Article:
Connection between TMJ Disorder and Sleep Apnea

Disorder and Sleep Apnea

Do you often wake up tired, drowsy, unable to think straight and with the constant wish to go back to bed? Then chances are that you are suffering from a condition called Sleep Apnea that is marked by breathing breaks of upto 30 times per hour while sleeping.

On the other hand, statistics show that one in every 4 people consulting the dentist can be affected by Bruxism or teeth grinding. This is also known as the TMJ or Temporal Joint Disorder. This condition includes the involuntary movements of jaw occurring at the time when a person is asleep.

But what is more serious is the fact that these 2 conditions can be related to one another. Medical research is assessing how sleep disorders and muscle and joint pain are closely inter-linked.

The TMJ disorder and Sleep Apnea can develop at the same time and can trigger the onset of one another. Research shows that over 70 % of the TMJ disorder patients have sleep breathing anomalies like snoring and Sleep Apnea while over 50 % of the Sleep Apnea sufferers have TMJ disorder.

Even though the 2 conditions are detected and diagnosed in an independent manner clinically, both are connected in similar drawbacks in regard to the functioning and formations. Again, for such analogy, that the treatment for both are quite alike.

Sleep Apnea

What is TMJ and How Is it Related to Sleep Apnea?

TMJ disorder occurs within the jaw and affects the jaw joint along with the surrounding tissues. The temporomandibular joint acts like a hinge connecting the skull’s temporal bone found on either side of the head in front of the ear and the lower jaw.

This is a joint that happens to be flexible and permits the movement of jaw thus enabling the chewing, talking and yawning.

With teeth grinding, this joint can get damaged because of the pressure causing a reaction to the surrounding tissues. This results in injury, pain and degeneration of the joint eventually.

Now, the tongue that is attached to the lower jaw can act as a pad when, under normal conditions, the jaw is not aligned. Teeth grinding can lead to this abnormality of the jaw structure and it can get unaligned. This can affect the mouth and the general mouth size.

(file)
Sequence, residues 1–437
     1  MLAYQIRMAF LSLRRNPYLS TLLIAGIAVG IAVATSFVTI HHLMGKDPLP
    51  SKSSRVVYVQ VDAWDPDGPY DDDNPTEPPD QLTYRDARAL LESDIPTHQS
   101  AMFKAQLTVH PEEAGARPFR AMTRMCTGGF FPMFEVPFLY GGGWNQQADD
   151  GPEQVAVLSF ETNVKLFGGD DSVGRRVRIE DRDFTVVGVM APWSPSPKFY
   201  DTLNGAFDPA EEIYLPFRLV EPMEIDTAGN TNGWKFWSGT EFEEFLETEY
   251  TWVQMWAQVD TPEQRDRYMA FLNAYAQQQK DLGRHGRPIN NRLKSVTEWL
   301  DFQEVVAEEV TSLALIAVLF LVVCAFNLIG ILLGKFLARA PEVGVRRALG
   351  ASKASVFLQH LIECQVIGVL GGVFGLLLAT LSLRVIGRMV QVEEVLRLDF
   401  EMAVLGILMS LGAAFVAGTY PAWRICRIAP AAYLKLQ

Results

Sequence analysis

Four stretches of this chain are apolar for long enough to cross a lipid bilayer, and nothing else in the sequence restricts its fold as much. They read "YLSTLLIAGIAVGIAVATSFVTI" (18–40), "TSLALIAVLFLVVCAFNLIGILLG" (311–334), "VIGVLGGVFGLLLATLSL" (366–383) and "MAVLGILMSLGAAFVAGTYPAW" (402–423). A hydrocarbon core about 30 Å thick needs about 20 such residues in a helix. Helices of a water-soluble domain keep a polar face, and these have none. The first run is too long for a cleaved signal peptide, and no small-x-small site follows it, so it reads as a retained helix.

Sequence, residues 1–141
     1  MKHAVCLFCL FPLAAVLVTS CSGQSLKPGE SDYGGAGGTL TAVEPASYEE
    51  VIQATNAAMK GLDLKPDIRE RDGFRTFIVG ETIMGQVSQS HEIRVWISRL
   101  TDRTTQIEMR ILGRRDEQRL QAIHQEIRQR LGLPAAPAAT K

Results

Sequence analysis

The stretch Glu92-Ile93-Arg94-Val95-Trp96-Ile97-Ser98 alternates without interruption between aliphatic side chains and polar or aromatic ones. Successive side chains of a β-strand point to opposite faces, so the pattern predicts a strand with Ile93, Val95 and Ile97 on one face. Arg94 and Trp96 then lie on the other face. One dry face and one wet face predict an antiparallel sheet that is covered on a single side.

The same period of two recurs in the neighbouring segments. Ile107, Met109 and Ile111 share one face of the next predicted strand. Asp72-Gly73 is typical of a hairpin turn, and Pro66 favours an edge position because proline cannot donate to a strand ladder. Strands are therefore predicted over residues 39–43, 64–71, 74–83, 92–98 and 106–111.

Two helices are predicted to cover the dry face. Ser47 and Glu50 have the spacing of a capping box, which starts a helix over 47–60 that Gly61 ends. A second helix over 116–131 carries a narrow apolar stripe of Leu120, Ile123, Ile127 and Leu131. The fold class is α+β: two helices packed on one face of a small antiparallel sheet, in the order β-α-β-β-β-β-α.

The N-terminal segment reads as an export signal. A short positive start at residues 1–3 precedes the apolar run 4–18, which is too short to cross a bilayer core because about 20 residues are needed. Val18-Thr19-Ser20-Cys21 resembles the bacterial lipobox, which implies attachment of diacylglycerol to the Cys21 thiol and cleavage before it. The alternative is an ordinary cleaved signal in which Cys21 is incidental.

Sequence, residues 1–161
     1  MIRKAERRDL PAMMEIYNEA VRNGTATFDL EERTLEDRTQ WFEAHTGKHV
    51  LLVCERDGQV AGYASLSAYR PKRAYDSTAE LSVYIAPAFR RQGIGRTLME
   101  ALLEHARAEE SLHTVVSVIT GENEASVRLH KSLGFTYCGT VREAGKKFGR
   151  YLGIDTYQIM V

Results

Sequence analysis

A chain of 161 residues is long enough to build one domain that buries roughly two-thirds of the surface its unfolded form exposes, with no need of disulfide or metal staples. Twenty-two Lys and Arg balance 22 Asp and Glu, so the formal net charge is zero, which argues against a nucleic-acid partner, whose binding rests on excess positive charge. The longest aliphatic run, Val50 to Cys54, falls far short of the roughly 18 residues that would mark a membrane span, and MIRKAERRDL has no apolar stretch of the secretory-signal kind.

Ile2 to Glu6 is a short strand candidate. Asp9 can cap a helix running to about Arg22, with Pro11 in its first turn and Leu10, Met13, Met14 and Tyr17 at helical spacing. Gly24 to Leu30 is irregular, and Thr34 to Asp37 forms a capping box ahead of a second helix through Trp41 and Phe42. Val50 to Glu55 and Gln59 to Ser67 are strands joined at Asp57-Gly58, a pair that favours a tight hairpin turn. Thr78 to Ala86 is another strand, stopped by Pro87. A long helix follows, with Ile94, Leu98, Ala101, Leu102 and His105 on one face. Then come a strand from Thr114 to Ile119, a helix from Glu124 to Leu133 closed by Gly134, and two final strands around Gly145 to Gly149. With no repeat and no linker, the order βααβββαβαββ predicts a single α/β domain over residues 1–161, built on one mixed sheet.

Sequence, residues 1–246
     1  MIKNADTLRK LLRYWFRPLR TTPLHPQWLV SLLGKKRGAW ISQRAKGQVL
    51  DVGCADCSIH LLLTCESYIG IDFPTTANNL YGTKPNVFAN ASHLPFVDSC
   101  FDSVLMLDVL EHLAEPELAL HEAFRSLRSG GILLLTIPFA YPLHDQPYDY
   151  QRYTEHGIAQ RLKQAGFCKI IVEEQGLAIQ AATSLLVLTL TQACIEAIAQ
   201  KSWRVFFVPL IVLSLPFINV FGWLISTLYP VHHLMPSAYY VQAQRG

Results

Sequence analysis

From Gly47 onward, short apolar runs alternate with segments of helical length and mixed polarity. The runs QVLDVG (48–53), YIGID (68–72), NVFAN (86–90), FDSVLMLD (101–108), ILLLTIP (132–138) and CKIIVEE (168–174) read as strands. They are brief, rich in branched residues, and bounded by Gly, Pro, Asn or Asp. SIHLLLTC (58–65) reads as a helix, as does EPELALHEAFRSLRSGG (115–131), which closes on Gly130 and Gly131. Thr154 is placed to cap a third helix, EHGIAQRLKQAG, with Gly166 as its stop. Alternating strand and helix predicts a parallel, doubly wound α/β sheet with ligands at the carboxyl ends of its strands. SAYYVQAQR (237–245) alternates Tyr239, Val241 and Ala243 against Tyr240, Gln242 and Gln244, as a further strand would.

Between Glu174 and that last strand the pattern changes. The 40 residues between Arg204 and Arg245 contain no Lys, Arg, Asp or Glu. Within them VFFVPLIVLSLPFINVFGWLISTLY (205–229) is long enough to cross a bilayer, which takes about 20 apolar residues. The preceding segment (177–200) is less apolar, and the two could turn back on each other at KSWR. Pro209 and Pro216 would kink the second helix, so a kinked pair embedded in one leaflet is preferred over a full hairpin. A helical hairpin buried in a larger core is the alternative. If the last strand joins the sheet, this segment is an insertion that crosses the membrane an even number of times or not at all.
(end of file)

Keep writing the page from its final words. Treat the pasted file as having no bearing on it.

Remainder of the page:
The changed size of jaw can make it tough for the mouth to accommodate the tongue in a proper way. As the space is limited, the tendency of the tongue, now, is to fall back blocking the airways in the mouth.

This obstruction can lead to breath pauses or shallow breathing known as sleep apnea.

How is Sleep Apnea Related to TMJ Disorder?

Sleep Apnea takes place when your airway gets closed and you are unable to breathe while sleeping. Naturally, this triggers panic in your body and it experiences a s stressful response. Grinding the teeth or sleep bruxism is related to this symptom.

Also known as the TMJ disorder, this can wreak havoc on your jaw, teeth and gums. In fact, if not controlled, the long-term effects of this can be shocking and irreversible.

Dentists can recommend splints for managing this. With the airway treatment, however, you can enhance the stability of the jaw joint. This way the sleep bruxism condition vanishes.

The pre-conditions of Sleep Apnea often exist since an early age and they deteriorate through life. In fact, the deficiencies in airways can exist before the TMJ condition sets in according to some.

This can happen when a child has enlarged tonsils which can lead to apneic events at the time of sleeping. This will not only affect the jaw development adversely, but they also lack on the growth hormone released during the N3 stage of sleep.

When a baby is prevented from getting nursed properly, the jaw development is impaired and the airway can get compromised eventually, too.


For this reason it is recommended that if you experience any symptom of TMJ disorder like chronic headaches when you wake up, hear clicking noise as the mouth closes or opens, experience uncontrollable jaw movements, have painful jaw, sensitive teeth and jaw soreness or jaw shift, you should immediately get yourself checked for sleep apnea, too, apart from seeking treatment for Bruxism.

Similarly, if you feel fatigued after waking up, find it hard to concentrate in the morning or are a heavy snorer, apart from consulting with the sleep apnea doctor you must also get yourself checked for Bruxism.

Remember that these are 2 very chronic conditions and are inter-linked which can make your life-quality worse. But early detection and treatment can assist you to control both and heal completely. So do not ignore the tell-tale signs of these and opt for comprehensive treatment that includes treatment for both.